La La Land (2016)
Written and directed by Damien Chazelle
Produced by Fred Berger and thirteen others
Cinematography by Linus Sandgren
Music by Justin Hurwitz
Regal Waugh Chapel Stadium 12 & IMAX (2:08)
People ask me all the time why I don’t like musicals. I tell them it’s mostly because I spent years of my life playing trumpet in pit orchestras for little theater gigs, in college out of obligation to a music fraternity, and later to pick up some extra money. Of course little theater is far removed from Broadway, but I like professionally-produced live musicals even less than amateur productions. Movie musicals are a different matter and while La La Land certainly qualifies as a “musical,” I think of it as something more. The film has also been called a “love letter to” L.A., nostalgia, classic musical-dance numbers, and much more. Those elements are certainly present in La La Land, but I believe none of them is the point of the film. Then what is?
Reality versus fantasy and the choices we make in our lives based on them.
Let me explain. But first, the story.
Mia (Emma Stone) is an aspiring actress working as a barista near the Warner Brothers lot in Hollywood. Sebastian (Ryan Gosling) is a lover of jazz, a pianist who takes jobs playing music he doesn’t like in order to pay the bills. Mia and Sebastian “meet” in a manner of speaking, during an L.A. traffic jam that opens the film. Before that meeting, a woman steps out of her car and begins one of the most glorious dance sequences in modern movies, a sequence so outrageously fantastic it has to be the stuff of pure fantasy.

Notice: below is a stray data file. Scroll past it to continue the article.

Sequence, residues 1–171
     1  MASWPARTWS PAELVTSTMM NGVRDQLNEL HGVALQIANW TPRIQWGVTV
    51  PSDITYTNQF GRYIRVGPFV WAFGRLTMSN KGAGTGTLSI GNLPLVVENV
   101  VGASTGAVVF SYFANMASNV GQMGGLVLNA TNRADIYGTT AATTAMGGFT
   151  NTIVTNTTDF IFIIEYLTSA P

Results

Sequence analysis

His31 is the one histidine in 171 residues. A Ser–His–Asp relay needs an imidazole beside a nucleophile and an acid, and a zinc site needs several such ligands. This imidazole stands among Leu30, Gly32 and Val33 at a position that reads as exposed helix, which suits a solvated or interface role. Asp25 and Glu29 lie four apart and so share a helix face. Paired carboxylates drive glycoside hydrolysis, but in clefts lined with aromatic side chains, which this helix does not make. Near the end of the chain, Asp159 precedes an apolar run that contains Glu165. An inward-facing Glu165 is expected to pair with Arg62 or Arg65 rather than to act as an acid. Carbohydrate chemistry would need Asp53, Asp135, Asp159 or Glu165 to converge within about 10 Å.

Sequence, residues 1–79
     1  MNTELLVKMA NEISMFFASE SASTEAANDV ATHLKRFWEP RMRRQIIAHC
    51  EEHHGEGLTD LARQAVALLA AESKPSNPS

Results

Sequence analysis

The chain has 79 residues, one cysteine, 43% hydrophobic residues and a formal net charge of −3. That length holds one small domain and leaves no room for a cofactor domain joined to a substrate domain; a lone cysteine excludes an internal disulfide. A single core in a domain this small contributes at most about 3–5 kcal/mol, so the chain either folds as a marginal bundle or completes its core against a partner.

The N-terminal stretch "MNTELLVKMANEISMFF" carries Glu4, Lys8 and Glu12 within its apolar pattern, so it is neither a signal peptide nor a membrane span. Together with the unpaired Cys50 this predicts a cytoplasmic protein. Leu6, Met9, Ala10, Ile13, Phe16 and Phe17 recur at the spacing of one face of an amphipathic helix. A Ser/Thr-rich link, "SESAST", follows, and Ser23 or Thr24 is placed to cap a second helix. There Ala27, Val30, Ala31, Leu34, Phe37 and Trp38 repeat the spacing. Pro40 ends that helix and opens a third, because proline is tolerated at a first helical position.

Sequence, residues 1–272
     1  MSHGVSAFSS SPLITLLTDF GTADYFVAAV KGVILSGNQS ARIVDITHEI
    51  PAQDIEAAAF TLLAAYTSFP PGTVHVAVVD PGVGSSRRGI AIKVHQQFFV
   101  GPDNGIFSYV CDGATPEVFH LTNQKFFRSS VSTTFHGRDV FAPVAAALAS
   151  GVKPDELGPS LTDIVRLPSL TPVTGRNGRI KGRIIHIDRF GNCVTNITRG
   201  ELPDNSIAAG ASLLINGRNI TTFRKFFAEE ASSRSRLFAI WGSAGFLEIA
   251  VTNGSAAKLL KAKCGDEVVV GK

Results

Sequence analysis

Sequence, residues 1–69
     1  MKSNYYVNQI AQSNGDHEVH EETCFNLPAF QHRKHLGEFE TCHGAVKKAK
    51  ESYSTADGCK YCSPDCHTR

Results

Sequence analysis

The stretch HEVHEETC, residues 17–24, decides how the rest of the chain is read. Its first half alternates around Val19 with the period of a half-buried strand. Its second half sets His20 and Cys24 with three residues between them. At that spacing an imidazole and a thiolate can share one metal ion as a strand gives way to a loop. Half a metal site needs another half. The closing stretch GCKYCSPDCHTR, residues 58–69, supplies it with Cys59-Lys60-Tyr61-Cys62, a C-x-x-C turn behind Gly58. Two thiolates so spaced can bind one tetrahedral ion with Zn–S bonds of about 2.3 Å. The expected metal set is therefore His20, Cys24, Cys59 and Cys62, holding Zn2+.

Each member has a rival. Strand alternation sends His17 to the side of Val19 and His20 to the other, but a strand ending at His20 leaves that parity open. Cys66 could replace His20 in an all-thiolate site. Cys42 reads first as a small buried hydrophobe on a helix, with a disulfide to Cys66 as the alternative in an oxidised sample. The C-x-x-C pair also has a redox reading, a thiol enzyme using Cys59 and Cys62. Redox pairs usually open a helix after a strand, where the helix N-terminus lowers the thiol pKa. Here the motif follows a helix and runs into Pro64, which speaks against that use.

That’s the point, or part of it, anyway. Stay with me, now…
Sebastian and Mia accidentally run into each other again as Sebastian grudgingly plunks out Christmas tunes on a piano for the owner of a restaurant (J.K. Simmons, playing a character slightly nicer than the one he played in Whiplash, but with much less screen time). Mia doesn’t understand jazz and Sebastian doesn’t understand why Mia won’t pursue her real dream. You’ve seen this story before, you know what’s going to happen, but in a way, you haven’t and you don’t.
The point of the film, again, is not nostalgia, singing and dancing, a tribute to the Golden Age of Hollywood or any of that. The point is the conflict between fantasy and reality. Like Mia and Sebastian, we all have dreams and fantasies of where we want our lives to go. And then reality creeps in, facing you with the things you have to do to pay the rent and put bread on the table. At a critical point in the film, Mia asks Sebastian why he’s taken a well-paying musical job when it’s taking him away from his real dream of opening a jazz club, asking him him if he really likes the music he’s playing. And is Mia’s pursuit of her dream going any better?
We can ask ourselves the same questions. Are we pursuing our dreams, maybe even while we’re trying to make a living doing something else, something we may not even like? Or have we given up on the dream? At what point do you forsake the fantasy for the reality? Should we? Ever?